3.1. The Kaufmann Collection
David Kaufmann was a passionate collector of manuscripts and books, for which the necessary material background was provided by his wife and her family. Schmelzer draws our attention to an interesting letter by Kaufmann to Berliner from which it appears clearly that the necessary sums of money were put at his disposal by his wife in every single case, and not always to the extent he may have wished. 56 It can also be mentioned that the famous luxurious illuminated manuscripts for which his collection is so famous were never part of it actually: they were in the possession of his mother-in-law, Mrs. Róza Gomperz, who donated them to the Academy herself together with the collection of her son-in-law. 57 In all probability, the price of these items may have been so high that not even the funds at the disposal of the wife were sufficient and so the passionate collector had to ask the help of his this mother-in-law, who complied with his request but retained the ownership of these precious items, probably as a sort of assurance. Upon his sudden death the collection passed to his widow, who commissioned Max (Miksa) Weisz (1872-1931), one of Kaufmann's favourite students and an intimate friend of the family, 58 to prepare a catalogue raisonné meeting scholarly demands. The splendid catalogue was prepared and has rendered great service to the scholarly community ever since, but the widow did not live to see its publication: Katalog der hebräischen Handschriften und Bücher in der Bibliothek des Professors Dr. David Kaufmann s[eligen] A[ndenkens] beschrieben von Dr. Max Weisz. Frankfurt am Main 1906. 199+80 pp. The catalogue was written in German. However, it also appeared with a Hungarian title-page and foreword with the body of the catalogue in German. This edition bears an imprint indicating Budapest as the place of publication. Incidentally, both editions were printed in Hungary by Adolf Alkalay and Son, Pozsony: 59 Néhai Dr. Kaufmann Dávid tanár könyvtárának héber kéziratai és könyvei. Összeállítja és ismerteti Dr. Weisz Miksa. Budapest 1906. 60
Following the untimely death of Kaufmann's widow on 19 June 1905, the collection passed to her mother, Mrs. Róza Gomperz. “In accordance with the intentions of the deceased” she donated the priceless collection to the Hungarian Academy of Sciences “in perpetuity” in a donation deed dated 24 December 1905. 61 In its session of 29 January 1906 the Academy “commissioned the Presidency to inform Madame Róza Gomperz of the deep gratitude of the Academy”. She was also awarded the golden cross of distinction (arany érdemkereszt) by Emperor Franz Joseph I for her generous deed. 62 Family tradition has it that the choice fell upon the Academy because they wanted to see the priceless collection in the most prestigious scholarly institution – “in our foremost scholarly institute” as the words of the deed express it.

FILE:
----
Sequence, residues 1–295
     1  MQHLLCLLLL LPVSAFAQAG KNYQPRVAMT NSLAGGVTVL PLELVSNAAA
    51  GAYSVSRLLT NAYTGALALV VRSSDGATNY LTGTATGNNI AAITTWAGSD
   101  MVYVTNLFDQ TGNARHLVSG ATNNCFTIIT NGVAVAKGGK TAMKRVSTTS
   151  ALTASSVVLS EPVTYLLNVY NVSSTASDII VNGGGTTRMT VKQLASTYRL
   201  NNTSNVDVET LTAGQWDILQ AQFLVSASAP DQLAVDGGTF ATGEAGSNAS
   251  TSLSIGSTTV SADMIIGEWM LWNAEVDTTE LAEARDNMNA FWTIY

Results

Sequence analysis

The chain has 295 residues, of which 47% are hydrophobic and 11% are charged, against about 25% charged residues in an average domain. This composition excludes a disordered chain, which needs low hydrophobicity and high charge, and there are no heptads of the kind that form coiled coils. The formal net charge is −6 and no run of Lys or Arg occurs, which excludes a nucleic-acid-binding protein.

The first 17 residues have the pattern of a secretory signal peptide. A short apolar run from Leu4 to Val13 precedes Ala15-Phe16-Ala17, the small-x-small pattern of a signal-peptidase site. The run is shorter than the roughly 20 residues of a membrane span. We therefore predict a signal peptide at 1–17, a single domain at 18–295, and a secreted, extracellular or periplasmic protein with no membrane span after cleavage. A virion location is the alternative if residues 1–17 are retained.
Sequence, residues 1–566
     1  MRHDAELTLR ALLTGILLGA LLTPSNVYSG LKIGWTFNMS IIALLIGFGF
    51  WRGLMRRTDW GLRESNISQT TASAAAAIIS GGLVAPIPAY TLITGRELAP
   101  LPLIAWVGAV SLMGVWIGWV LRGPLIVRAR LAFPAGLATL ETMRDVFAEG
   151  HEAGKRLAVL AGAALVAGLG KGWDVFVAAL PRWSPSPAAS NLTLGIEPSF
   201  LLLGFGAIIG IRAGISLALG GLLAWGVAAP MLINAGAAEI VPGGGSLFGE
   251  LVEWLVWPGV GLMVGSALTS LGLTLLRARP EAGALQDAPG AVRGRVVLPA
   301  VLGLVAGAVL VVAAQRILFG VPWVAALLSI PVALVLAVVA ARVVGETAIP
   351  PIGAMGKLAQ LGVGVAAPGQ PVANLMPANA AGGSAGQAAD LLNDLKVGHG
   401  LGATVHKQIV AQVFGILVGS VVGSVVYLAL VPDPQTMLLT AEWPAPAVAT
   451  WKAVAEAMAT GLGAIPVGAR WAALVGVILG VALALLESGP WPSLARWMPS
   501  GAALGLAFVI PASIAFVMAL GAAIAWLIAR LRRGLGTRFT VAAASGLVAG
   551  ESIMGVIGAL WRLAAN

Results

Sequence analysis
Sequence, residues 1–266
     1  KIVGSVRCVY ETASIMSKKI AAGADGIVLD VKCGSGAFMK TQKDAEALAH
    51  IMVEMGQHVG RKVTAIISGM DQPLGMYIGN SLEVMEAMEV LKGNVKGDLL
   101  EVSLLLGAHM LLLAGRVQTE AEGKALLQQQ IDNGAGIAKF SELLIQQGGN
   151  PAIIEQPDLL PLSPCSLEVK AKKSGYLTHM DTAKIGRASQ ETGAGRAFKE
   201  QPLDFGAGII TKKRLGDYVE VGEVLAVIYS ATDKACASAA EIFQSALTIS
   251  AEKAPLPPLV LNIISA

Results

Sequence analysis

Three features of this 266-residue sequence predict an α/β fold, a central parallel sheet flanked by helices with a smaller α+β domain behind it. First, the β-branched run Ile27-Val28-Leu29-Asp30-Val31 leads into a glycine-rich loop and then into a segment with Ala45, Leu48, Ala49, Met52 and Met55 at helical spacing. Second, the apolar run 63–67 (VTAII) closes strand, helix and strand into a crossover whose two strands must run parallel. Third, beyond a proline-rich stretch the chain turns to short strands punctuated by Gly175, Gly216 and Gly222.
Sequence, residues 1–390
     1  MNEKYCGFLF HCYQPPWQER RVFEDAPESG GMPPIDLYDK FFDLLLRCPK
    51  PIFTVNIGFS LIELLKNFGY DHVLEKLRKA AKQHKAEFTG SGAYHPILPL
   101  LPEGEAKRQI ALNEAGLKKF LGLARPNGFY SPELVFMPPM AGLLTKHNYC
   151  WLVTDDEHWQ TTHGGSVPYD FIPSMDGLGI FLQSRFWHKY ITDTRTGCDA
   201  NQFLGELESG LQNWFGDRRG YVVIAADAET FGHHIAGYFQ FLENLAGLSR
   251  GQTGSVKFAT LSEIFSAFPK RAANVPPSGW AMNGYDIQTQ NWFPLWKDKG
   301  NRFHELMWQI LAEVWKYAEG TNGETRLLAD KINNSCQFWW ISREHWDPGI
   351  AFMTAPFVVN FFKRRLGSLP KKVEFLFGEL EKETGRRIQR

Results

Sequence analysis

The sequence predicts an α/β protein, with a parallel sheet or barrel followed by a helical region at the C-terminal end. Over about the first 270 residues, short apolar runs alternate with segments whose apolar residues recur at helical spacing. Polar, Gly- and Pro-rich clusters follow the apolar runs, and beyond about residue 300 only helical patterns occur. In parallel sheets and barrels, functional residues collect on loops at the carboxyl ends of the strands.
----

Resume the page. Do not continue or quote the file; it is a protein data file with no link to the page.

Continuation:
After all, it would have seemed plausible to donate the collection to the Rabbinical Seminary since Kaufmann had been working there and since the Seminary itself was one of the foremost institutions of its kind in the world in those times. According to information supplied by Dr. Béla Bakonyi it was his grandfather, Mr. Ludwig (Lajos) König, who played a key role in the donation process convincing Mrs. Róza Gomperz that the Academy was more prestigious than the Seminary. (König was married to Kaufmann's sister, Mrs. Róza Kaufmann.) Another tradition, related by Alexander Scheiber, has it that the choice was made upon Ignaz Goldziher's advice. 63 In any case, maybe it was this choice which saved the collection for future generations: soon after the German occupation of Hungary in March 1944 Adolf Eichmann paid a visit to the Seminary and removed a few thousand books. 64 It is beyond doubt that he would have included this famous collection in his selection if it had been there.